Subject(s)
COVID-19 Testing/standards , COVID-19/diagnosis , COVID-19/epidemiology , Diagnostic Tests, Routine/standards , Indicators and Reagents/standards , Real-Time Polymerase Chain Reaction/standards , SARS-CoV-2/genetics , COVID-19/virology , COVID-19 Testing/methods , Cameroon/epidemiology , Escherichia coli/genetics , Escherichia coli/metabolism , Gene Expression , Geobacillus stearothermophilus/genetics , Geobacillus stearothermophilus/metabolism , Ghana/epidemiology , Humans , Indicators and Reagents/chemistry , Indicators and Reagents/metabolism , Indicators and Reagents/supply & distribution , Molecular Diagnostic Techniques , Plasmids/chemistry , Plasmids/metabolism , Real-Time Polymerase Chain Reaction/methods , Recombinant Proteins/biosynthesis , Recombinant Proteins/genetics , Synthetic Biology/methods , Transformation, Bacterial , United Kingdom/epidemiology
9.
Lancet Infect Dis ; 21(8): 1064-1065, 2021 08.
Article in English | MEDLINE | ID: covidwho-1328826
10.
Vox Sang ; 116(6): 637-644, 2021 Jul.
Article in English | MEDLINE | ID: covidwho-1319365

ABSTRACT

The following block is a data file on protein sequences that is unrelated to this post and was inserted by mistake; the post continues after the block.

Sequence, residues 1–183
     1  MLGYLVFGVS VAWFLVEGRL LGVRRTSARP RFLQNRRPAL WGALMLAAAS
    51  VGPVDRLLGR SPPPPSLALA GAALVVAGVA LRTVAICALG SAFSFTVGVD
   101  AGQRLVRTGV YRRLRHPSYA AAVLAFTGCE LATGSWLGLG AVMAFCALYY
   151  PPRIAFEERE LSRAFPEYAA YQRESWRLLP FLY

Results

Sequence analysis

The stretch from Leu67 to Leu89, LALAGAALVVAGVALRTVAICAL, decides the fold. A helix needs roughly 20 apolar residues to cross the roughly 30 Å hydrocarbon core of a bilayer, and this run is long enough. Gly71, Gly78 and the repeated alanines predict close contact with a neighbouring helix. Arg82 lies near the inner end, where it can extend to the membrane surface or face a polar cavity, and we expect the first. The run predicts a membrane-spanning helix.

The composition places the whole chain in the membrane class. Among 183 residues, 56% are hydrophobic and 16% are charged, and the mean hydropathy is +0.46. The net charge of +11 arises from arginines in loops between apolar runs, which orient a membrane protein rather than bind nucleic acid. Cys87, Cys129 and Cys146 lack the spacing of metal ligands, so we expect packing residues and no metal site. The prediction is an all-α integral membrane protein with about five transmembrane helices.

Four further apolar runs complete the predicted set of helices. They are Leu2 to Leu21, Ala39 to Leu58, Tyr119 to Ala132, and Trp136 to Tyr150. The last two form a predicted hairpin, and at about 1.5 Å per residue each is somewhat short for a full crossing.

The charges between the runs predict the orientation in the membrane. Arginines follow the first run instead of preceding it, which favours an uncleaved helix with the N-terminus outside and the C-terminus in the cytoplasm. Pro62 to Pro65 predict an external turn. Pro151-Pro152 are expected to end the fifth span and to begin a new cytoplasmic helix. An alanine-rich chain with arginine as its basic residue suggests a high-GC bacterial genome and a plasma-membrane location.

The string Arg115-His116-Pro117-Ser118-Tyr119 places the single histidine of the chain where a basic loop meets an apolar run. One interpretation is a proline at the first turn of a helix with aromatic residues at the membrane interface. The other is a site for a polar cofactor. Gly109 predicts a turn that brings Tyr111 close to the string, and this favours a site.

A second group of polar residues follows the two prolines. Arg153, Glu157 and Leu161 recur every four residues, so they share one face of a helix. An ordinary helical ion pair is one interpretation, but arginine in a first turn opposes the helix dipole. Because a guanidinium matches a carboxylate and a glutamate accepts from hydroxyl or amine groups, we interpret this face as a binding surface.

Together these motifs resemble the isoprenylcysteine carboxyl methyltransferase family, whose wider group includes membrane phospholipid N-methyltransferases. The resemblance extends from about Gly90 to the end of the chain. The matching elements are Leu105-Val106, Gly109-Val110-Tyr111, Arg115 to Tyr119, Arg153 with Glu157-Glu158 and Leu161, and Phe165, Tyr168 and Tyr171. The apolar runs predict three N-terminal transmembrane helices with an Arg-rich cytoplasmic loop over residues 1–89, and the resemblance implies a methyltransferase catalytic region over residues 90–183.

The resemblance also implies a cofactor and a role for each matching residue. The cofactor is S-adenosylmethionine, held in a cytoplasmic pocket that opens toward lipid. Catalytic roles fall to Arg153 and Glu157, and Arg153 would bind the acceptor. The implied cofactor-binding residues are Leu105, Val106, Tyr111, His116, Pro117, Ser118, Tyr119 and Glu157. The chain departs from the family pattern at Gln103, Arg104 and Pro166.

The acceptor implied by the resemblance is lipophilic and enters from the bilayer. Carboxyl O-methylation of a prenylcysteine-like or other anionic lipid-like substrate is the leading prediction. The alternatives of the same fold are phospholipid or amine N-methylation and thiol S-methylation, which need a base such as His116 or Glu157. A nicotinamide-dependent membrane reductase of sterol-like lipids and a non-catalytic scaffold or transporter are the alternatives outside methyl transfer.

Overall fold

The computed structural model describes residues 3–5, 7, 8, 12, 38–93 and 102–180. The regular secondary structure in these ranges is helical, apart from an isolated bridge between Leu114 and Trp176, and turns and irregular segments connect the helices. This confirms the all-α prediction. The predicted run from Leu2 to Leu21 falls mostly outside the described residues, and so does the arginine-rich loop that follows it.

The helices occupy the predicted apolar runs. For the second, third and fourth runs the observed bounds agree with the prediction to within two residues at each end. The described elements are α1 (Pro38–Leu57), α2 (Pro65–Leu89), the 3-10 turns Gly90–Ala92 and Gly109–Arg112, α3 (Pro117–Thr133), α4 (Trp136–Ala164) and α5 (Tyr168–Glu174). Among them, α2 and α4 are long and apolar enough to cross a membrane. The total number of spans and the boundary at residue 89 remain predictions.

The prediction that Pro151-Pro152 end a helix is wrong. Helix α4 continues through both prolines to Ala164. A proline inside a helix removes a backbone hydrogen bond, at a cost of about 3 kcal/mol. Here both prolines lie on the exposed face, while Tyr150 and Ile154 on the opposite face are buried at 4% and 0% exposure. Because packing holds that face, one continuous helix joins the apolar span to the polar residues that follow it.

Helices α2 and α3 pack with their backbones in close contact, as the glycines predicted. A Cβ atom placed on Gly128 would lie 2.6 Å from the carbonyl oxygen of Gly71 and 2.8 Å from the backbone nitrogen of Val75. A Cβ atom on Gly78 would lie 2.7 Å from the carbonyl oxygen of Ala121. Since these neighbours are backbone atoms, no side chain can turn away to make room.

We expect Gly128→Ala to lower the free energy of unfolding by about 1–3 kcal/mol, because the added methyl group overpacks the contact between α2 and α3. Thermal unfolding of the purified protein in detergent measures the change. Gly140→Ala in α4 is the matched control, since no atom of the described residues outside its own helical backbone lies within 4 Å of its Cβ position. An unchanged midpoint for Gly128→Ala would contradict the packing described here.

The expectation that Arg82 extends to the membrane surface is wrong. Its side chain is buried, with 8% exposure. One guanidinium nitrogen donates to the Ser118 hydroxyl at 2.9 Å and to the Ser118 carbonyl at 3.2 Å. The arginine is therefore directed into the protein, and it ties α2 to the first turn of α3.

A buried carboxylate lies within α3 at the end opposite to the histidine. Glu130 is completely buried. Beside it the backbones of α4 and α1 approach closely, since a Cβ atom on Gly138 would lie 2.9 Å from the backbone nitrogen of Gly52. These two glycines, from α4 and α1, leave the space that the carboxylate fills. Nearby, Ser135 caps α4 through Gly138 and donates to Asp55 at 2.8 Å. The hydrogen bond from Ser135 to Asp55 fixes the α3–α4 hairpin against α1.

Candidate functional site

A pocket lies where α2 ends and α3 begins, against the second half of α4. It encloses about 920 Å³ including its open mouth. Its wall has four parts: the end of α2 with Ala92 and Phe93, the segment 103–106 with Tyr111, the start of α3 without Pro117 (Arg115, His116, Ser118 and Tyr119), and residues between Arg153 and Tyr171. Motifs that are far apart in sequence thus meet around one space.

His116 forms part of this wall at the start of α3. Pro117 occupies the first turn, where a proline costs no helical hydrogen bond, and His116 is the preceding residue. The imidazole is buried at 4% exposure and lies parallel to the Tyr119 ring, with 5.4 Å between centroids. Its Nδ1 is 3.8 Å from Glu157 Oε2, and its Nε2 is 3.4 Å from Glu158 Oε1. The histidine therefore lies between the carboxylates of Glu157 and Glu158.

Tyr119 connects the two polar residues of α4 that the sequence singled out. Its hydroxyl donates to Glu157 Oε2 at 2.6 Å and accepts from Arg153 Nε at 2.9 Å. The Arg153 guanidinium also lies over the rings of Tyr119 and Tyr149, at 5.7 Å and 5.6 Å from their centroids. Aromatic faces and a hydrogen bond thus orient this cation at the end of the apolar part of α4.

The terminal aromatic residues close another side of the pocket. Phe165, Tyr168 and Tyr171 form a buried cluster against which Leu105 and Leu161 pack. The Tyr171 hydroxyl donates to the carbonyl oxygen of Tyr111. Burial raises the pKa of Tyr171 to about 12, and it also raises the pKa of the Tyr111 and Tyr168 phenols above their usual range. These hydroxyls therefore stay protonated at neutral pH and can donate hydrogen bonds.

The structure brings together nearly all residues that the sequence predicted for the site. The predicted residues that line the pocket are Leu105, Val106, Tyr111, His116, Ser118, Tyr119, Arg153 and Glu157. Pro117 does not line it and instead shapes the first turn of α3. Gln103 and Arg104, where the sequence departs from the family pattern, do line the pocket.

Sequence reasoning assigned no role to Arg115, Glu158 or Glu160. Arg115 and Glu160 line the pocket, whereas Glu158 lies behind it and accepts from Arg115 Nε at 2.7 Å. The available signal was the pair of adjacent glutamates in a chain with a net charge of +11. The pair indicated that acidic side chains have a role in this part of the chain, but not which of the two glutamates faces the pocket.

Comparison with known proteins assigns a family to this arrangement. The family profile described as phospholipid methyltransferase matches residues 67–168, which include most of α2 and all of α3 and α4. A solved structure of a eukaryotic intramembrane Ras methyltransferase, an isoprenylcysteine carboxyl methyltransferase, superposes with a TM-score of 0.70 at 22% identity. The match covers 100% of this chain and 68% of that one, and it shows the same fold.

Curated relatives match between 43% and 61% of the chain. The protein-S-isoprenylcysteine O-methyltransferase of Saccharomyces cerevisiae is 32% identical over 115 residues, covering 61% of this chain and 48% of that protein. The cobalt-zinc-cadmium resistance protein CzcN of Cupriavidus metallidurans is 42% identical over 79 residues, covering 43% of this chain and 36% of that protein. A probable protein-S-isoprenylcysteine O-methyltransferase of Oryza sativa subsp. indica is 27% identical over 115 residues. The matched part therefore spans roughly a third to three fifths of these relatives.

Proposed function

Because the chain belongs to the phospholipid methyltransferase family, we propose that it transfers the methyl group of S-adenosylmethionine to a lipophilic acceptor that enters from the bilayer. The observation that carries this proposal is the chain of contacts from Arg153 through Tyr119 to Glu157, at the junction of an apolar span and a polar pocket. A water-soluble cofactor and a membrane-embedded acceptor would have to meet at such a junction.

INTRODUCTION: The COVID-19 pandemic, caused by a novel coronavirus, has already affected over 99 062 people in 53 African countries and killed 3082. The pandemic threatens blood supply but we do not yet know its impact on blood donations or on the perceptions and expectations of donors. METHODS: We conducted a cross-sectional study in four hospital-based blood services in Cameroon, using a survey design and focusing on the subjective and cultural aspects of donors. Using a semi-structured questionnaire, we collected the participants' responses as to their understanding of COVID-19 and of current protection measures, and their expectations. Data on trends of blood donations were collected retrospectively for the period from 1st January to 30th April 2019 and the same period in 2020. RESULTS: Of 494 donors included, 432 (87·4%) were enrolled from fixed blood collection sites and 62 (12·6%) were contacted by phone. A total of 464 (93·9%) participants believed that the COVID-19 is a lung disease, but some declared it to be imaginary (7·7%), a foreign disease (8·3%) or a blood-borne disease (3·2%). The participants reported that the distribution of face masks and hydroalcoholic solutions (92·5%), social distancing and hygiene (6·3%) are the most important measures that need to be in place for safe donation. The number of blood donations dropped by 21·5% between 2019 and 2020. CONCLUSION: Most of the donors know COVID-19, its transmission routes and manifestations. In the absence of barrier measures, they perceive blood donation as a threat to their health. Distribution of masks and hydroalcoholic solution might motivate more donors and improve the blood supply.